The federal government has tabled legislation that will overhaul the governance and oversight of payments systems in Canada.  Bill C-43, referred to as the Economic Action Plan 2014, No. 2, contains amendments to both the Canadian Payments Act and the Payment Clearing and Settlement Act.  The former Act regulates the Canadian Payments Association which runs the Automated Clearing and Settlement System and the Large Value Transfer System (LVTS).  Together these two systems clear and settle the vast majority of payment items exchanged in Canada, including most cheques and electronic payments.  The Payment Clearing and Settlement Act gives the Bank of Canada the ability to designate payment systems that pose systemic risk thereby subjecting them to supervision and regulation.  To date the Bank has designated two payment systems under the Act, one of which is the LVTS operated by the Canadian Payments Association.

CPA Governance

In its February budget, the Government stated that it intended to introduce changes to the governance and accountability structures of the Canadian Payments Association to ensure that its payment clearing and settlement infrastructures are operated for the benefit of consumers and businesses.  Currently, the Canadian Payments Act contains a complex method for electing the board of directors of the Association.  Under the current rules, one director is appointed by the Bank of Canada, three are appointed by the Minister of Finance and 12 are elected by its members (the institutions that clear items through the system).  The directors elected by members are grouped into seven different classes with the members of each class having the right to vote for a prescribed portion of the 12 directors.  The number of votes that a member may cast is a function of the net number of payment items attributable to the member.  The director appointed by the Bank of Canada acts as the chairman of the board.

The amendments proposed under Bill C-43 will reduce the total number of directors to 13, all of which will be elected by the members.  However, seven of the thirteen directors must be independent of the Association and its members.  Three of the remaining six directors will be elected by the direct and group clearers and two will be elected by the remaining members.  The final member will be the President of the Association selected by the elected directors.  A new quorum requirement will also be established requiring that at least 7 directors be present at a meeting and that a majority of the directors present be independent directors.  The Chairman must also be an independent director.  In addition, the Act will now contain a duty of care standard for directors similar to that which applies to corporations.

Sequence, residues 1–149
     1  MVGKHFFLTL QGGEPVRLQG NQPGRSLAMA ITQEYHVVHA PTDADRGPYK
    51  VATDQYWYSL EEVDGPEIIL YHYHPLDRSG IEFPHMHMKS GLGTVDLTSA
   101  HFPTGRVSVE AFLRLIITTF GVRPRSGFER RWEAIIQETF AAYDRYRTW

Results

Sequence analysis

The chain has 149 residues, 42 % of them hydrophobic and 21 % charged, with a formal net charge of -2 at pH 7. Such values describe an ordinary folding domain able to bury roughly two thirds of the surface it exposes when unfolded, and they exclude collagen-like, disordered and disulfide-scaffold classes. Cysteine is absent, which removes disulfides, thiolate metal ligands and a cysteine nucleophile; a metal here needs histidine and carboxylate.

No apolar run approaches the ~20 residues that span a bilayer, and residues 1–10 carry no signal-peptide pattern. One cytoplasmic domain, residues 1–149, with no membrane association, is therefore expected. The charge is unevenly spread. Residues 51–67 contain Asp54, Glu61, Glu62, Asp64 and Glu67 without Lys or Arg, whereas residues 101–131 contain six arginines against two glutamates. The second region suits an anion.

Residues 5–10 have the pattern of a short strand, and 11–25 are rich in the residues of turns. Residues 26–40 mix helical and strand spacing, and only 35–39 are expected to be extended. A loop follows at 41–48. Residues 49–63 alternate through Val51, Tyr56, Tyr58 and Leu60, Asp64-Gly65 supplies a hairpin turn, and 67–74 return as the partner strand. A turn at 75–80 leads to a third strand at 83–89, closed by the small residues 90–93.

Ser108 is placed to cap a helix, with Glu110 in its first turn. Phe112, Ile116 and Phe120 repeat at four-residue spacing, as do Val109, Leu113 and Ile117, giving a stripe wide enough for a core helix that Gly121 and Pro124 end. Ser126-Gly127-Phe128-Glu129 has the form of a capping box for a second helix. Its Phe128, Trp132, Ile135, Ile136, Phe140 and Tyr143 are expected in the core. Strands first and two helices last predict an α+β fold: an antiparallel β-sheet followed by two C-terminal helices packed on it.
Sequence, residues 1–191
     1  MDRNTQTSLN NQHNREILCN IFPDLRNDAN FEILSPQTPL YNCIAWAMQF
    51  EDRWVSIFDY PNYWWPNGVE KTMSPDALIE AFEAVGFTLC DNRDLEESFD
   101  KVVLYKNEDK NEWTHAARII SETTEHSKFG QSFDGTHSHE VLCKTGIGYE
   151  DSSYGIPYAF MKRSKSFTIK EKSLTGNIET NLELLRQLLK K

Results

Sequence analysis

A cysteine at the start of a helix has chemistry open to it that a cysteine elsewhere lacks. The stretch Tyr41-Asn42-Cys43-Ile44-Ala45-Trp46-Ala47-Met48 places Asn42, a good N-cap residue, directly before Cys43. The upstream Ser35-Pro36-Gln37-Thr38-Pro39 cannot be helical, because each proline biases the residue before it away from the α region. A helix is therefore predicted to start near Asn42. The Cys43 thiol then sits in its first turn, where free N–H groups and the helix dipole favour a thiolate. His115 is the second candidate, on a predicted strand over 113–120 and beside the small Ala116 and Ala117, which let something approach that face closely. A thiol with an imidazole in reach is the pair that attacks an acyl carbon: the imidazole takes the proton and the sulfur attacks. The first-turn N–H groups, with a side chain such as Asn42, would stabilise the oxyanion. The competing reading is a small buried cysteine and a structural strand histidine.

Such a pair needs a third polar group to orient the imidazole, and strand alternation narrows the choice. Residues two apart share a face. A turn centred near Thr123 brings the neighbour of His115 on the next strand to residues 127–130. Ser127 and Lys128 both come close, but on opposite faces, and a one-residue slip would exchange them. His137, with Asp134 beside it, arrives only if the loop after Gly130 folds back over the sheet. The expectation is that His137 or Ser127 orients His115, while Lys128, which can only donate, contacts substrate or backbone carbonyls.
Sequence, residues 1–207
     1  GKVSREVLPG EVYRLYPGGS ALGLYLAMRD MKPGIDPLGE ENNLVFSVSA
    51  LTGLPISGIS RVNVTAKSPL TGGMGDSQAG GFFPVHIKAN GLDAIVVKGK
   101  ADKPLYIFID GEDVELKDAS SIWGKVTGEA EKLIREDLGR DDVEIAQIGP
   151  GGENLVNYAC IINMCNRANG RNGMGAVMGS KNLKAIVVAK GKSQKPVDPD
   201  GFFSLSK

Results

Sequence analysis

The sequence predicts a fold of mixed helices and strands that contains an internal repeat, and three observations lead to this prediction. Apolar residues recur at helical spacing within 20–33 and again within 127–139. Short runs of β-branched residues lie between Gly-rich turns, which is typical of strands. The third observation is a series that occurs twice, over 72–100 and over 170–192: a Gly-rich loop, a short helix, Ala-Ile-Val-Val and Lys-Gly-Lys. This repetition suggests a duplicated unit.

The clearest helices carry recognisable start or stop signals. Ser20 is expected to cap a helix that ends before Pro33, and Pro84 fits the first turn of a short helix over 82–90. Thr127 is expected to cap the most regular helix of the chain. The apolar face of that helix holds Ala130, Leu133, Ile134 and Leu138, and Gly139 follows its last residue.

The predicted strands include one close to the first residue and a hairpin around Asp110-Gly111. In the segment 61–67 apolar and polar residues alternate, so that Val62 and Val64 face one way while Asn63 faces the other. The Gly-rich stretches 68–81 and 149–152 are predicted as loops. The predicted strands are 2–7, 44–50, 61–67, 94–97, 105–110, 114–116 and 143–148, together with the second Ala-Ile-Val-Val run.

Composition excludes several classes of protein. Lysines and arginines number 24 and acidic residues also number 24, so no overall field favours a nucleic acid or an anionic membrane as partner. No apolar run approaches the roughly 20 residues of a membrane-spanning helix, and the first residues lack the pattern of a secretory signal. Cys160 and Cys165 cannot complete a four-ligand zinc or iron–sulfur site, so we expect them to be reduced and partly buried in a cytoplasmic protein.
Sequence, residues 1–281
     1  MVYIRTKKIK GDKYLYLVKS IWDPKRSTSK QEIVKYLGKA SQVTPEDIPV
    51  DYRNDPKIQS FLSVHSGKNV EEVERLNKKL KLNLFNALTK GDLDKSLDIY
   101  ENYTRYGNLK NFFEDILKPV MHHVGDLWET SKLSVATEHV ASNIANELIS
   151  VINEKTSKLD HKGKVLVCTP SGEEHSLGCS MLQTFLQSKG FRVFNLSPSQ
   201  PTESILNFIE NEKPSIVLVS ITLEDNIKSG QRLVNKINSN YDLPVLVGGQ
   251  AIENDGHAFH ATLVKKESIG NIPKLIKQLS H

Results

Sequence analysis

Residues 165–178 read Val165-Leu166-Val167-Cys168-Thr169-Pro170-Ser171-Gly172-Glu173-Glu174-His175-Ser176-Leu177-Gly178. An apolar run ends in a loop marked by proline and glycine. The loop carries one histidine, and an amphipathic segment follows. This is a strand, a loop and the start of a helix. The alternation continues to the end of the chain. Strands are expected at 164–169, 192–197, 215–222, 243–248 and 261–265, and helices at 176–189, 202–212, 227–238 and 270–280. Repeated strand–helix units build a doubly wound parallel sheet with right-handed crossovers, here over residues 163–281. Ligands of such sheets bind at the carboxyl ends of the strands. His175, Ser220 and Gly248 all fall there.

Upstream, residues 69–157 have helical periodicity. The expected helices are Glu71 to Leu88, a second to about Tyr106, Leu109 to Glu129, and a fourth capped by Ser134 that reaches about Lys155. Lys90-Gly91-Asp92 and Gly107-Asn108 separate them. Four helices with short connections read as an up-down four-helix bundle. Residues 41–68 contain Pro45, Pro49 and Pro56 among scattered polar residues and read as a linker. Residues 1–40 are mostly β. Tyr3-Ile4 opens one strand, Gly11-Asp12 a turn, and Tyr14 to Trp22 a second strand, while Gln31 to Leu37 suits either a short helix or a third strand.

The voting rules will also be updated to provide that each member has only one vote regardless of the amount of payment items they submit or receive.  In addition to the changes for the board, additional changes are being introduced to enhance governance at the Association.

Payments System Oversight

The February budget acknowledged that the way Canadian make payments has changed.  More and more Canadian are moving away from cash or cheques and into electronic payments.  While innovation in payments systems can benefit consumers, the Government remains concerned about the systemic risk that innovative systems can pose, particularly if they are widely adopted.

The Payment Clearing and Settlement Act already gives the Bank of Canada the authority to designate any payment system that poses “systemic risk” and to supervise the conduct of a designated system.  The Act defines systemic risk in terms of the spill-over effect that a failure by a participant to meet its obligations would have on other participants or other financial institutions and on the financial system generally.  Under Bill C-43, the Bank’s authority will be extended to allow the Bank to designate systems that present “payments system risk”.  This risk is defined in terms of the adverse impact on economic activity that a failure of the system might have if the ability of individuals, businesses or governments to make payments is impaired or if there is a general loss of confidence in payments systems

Most of the balance of the amendments to the Payment Clearing and Settlement Act are directed to enhancing the Bank of Canada’s powers in respect of a designated payments system.

The Bill must work its way through the parliamentary process before becoming law.

To see the Government’s announcement respecting Bill C-43 click here.